After sweeping the general elections of 2013 with an overwhelming majority, Nawaz Sharif never would have expected the severe political tests to follow. However, only a year after becoming prime minister for a record third time, Nawaz Sharif found himself in troubled waters when the Punjab Police opened fire on protesters at the Pakistan Awaami Tehreek (PAT) headquarters in Lahore and killed 13 people in an alleged cross-firing. The PAT blamed the government for the carnage and demanded resignations from both Chief Minister Shahbaz Sharif (Nawaz Sharif’s brother) and the prime minster himself. Later the PAT turned violent and held a series of protests in big cities, ultimately joining hands with Pakistan Tehreek-i-Insaf (PTI) in its sit-in in Islamabad. The Imran Khan-led PTI, accusing Sharif of rigging the elections, staged a 126-day sit-in (dharna) in Islamabad. That long sit-in kept the stakes high and the Sharif regime remained under constant threat of being toppled by the “third force” since the sit-in leaders (Tahir Qadri and Imran Khan) repeatedly sought the army’s involvement to defuse the crisis. The sit-in ended however, without achieving any of the objectives and Nawaz Sharif found his government in a more comfortable zone.
With the demise of dharna politics, Sharif again assumed he could take control over political affairs, with smooth going till the next polls. But the Panama Papers issue surfaced in 2016, giving a potent jolt to the government. Old foes reemerged, recognizing a fine opportunity to besiege the Sharif government. PTI and the Pakistan People Party (PPP) started asking for the prime minister’s resignation and both parties flexed their political muscles in Parliament.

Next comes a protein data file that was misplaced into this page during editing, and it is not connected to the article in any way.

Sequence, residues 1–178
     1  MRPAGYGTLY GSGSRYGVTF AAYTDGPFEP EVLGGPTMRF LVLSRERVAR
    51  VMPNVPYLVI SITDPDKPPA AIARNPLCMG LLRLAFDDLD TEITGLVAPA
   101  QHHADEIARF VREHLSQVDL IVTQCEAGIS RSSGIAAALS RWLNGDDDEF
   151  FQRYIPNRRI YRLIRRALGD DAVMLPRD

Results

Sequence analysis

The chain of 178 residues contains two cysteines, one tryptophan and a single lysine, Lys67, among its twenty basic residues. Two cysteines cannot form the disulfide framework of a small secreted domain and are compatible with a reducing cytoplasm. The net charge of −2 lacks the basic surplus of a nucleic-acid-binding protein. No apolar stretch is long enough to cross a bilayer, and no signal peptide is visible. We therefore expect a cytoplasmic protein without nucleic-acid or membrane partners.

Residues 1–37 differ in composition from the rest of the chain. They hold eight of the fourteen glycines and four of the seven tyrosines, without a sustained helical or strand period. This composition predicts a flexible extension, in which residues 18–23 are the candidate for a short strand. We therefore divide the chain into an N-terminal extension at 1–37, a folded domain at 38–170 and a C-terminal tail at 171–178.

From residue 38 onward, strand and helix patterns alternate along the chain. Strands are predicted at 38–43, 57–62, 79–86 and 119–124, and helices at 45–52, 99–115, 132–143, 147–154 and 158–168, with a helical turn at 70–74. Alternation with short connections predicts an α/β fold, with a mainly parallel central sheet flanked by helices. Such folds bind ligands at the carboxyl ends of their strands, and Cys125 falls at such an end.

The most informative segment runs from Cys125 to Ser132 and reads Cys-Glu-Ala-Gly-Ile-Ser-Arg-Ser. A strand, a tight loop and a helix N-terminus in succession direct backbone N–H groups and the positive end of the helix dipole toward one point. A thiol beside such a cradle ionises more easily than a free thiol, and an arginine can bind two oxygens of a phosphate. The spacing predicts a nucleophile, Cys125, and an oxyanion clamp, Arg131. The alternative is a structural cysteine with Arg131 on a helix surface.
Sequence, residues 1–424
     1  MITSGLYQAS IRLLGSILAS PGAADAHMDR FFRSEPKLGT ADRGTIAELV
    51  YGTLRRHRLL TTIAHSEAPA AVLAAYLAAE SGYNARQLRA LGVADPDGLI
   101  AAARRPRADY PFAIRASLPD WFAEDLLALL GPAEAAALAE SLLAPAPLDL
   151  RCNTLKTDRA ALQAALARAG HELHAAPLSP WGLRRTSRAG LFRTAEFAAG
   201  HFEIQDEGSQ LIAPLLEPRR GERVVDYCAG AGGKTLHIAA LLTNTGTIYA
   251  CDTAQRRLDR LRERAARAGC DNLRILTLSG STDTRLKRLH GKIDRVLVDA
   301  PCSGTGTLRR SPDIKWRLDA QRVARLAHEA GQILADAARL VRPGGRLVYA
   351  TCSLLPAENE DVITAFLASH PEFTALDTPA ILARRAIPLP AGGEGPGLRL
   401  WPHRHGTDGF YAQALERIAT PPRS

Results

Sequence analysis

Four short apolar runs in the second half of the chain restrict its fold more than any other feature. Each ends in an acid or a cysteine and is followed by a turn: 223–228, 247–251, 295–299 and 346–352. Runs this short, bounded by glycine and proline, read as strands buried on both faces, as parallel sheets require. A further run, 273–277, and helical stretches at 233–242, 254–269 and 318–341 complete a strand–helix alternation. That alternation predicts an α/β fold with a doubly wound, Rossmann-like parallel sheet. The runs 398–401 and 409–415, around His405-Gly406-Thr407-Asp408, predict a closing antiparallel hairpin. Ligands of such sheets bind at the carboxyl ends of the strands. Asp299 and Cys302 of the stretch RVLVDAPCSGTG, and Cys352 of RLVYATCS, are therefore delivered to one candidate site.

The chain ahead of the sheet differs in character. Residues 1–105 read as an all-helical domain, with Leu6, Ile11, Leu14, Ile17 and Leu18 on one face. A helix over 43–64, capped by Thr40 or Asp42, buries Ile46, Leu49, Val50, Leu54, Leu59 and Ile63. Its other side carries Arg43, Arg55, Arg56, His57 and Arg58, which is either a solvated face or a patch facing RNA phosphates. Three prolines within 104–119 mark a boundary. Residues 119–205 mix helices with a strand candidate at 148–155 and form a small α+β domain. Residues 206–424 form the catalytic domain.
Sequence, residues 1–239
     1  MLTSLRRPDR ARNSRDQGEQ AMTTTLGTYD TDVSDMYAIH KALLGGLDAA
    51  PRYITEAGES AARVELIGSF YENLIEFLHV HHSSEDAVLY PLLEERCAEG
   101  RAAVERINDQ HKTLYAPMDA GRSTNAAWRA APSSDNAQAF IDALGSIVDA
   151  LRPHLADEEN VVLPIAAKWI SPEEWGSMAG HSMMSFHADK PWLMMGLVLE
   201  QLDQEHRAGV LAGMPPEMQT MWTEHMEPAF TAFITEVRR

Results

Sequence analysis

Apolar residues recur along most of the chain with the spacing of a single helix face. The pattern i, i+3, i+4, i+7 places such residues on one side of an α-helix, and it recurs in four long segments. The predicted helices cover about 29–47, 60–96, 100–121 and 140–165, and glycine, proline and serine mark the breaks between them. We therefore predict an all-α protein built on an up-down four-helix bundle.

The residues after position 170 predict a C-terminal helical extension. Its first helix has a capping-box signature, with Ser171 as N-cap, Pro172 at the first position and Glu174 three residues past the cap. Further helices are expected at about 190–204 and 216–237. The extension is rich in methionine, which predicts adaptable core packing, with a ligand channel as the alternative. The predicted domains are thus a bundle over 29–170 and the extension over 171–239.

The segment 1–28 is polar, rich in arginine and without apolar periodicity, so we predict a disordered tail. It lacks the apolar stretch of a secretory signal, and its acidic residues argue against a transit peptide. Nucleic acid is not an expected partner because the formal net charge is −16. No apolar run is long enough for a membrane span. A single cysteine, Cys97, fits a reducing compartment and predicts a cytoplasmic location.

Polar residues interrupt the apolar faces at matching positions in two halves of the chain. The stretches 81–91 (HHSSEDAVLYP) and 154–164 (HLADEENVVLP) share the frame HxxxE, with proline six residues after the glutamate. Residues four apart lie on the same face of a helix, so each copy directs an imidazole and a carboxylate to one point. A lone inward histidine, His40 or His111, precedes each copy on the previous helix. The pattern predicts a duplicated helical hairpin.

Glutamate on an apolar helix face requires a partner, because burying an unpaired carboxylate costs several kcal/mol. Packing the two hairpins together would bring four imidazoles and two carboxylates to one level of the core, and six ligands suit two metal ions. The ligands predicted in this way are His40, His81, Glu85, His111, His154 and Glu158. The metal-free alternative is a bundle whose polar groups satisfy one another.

Additionally, PTI opted to pursue the case legally also and thus involved the Supreme Court. From the early hearings, it seemed Court was dissatisfied with the evidence filed by PTI and thus postponed the case until the appointment of new chief fustice. Meanwhile, Imran Khan’s hard-rolled Panama pitch is now diminishing and he has decided to go back on the road. The Panama question is not over yet but Sharif has chosen the new chief justice, signaling he still holds all legitimate power to appoint the heads of country’s powerful institutions.
What should be a normal practice in democracies, appointing a new Army Chief has become a headache for Pakistani prime minsters over the years. Sharif had to pick new Chief of Army Staff (COAS) this year, and that for a record fourth time. Although he previously had a bitter experience after picking a junior general (Pervez Musharraf, who later overthrew Sharfi in a coup) as COAS, the prime minister’s last selection, General Raheel Sharif, proved positive. Thus selecting junior general number four as the new army chief is no surprise. Prior to General Qamar Bajwa’s appointment as a new COAS, there was a wave of uncertainty as media outlets whispered about a possible extension to the term of General Sharif. Nawaz Sharif however, kept his cards well-arranged and revealed his pick only when the media speculation had died out. Amidst the Army’s discomfort over the implementation of National Action Plan (NAP) and the looming Dawn leak issue, Sharif surprised the pundits and picked a man of his choice.